Well you kind of answered my question I was about to ask, “What experience do you have previous in the music business?” I mean, what you’re doing is a really big move.
Well I’ve been developing technology programs since the early-90s. My experience is blending with a heavy foundation in technology and a knowledge in entertainment projects along with advertising. It’s really the split of all trades that makes this possible because what I think is happening is that you’ve got a bunch of music executives and people from the music business that have tried to create some sort of answer to this idea of free downloading and a lot of those ideas have fallen apart. I think they’ve fallen apart because they’ve just been trying to answer one question: how do we actually respond to free music? I think if you’re trying to make something free that you want someone else to pay for, then it has to answer their motivation as much as possible. That’s where I think a knowledge of all trades comes in handy.
What made you guys decide to team up with Strange Music to promote Guvera in the United States?
Like anything in the world it was just connections. We met with a couple of different people over the last six months: some were rock, one was a country-rock. If we’re going to support a team of people and sponsor a tour, we want to make sure that they’re going to support us and help us build something together. It seems that of all the people we were speaking to, the urban market just a-hundred-percent gets it. With Strange it just worked and it’s been working very well. Within a couple of weeks we’ve seen sparks all over the place. It couldn’t have been a more perfect pairing. It’s just been phenomenal.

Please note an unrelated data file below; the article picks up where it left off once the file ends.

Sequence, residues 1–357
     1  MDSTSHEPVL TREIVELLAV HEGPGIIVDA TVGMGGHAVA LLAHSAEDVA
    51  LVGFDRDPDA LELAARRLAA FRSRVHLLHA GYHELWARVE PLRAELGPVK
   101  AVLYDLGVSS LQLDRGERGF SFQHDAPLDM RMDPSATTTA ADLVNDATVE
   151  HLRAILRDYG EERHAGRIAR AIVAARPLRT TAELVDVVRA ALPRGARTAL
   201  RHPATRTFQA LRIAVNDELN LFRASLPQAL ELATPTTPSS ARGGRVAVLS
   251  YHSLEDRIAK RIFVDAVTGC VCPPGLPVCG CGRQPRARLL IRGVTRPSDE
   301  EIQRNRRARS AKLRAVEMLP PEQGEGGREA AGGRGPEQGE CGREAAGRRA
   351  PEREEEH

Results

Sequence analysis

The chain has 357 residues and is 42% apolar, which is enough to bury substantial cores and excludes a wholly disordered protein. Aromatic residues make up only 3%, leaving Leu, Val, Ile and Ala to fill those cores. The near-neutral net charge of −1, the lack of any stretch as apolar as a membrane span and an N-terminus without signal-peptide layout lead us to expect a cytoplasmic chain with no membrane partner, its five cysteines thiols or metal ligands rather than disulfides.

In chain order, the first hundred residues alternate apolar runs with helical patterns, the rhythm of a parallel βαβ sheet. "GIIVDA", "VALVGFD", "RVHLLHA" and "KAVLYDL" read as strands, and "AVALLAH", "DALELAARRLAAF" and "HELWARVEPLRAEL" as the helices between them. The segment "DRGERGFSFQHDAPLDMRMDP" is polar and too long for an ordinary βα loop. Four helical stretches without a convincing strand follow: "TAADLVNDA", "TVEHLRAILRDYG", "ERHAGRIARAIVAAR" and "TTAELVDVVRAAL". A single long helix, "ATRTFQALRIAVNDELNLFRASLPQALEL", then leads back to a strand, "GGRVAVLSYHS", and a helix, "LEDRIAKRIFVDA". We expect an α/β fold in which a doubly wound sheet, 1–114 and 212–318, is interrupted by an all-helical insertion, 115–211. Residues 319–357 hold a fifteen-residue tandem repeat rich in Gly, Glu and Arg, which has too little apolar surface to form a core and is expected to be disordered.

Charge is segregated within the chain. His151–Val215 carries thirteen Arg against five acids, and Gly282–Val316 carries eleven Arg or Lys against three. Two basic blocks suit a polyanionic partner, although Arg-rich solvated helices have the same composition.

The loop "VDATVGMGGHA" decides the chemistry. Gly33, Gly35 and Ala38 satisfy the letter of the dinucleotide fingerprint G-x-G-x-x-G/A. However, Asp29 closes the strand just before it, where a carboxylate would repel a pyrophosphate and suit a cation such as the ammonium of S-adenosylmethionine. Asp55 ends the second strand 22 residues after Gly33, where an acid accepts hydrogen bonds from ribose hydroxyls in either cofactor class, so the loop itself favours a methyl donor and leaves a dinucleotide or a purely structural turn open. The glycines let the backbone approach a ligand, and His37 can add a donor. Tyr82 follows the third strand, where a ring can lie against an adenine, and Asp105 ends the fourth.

What do you guys normally look for in new employees? The people I’ve met are very go-getter and spunky types.
I think that pretty much every successful company–and I can guarantee that Strange is about the same–everything is about culture and you find a people that fit the mold of those who get the concept–and that can change as companies grow. I think right now we’re in the “maverick”, “revolutionary”, “fighter”, “get up and go” sort of concept that everybody has to have as well as be willing to work constantly and every hour of the night, putting everything together for the dream and actually build the idea that we’re putting together. That kind of thing naturally attracts itself to the team, and attracts members to the team. People look in and see these people putting in 23 hours of work a day and think I want to be a part of that. I want to be involved in that. You just naturally attract the kind of people to come out of the woodwork, turn up, and start working.
Is “Pirate Slayer” an official position within the company?
(Laughs) Definitely! Everyone has that as their second-role.
Nice. How’s the word spreading so far in the US as a result of this tour?
This tour has been our first real solid push. We launched in March with the beta to attract early adopters and appetize people around the music industry who are realizing that this actually works and fixes a hole in the business. Now that we’ve done that for a few months we’re now in this “push” phase of actually getting the word out there. Using the market research of Alexa.com, we did a comparison with Guvera, Facebook, MySpace, and Twitter, just over the last month to see where we’re at. Now that we actually got all these fans on and downloading music, how long they’re spending on Guvera compared to other sites is phenomenal. The most time spent out of all the sites is on Facebook, where I think they have an average of 30 minutes. What we’ve done in the last two weeks, is that people are spending just as much time on average on Guvera as they are on Facebook, which is just unbelievable for us.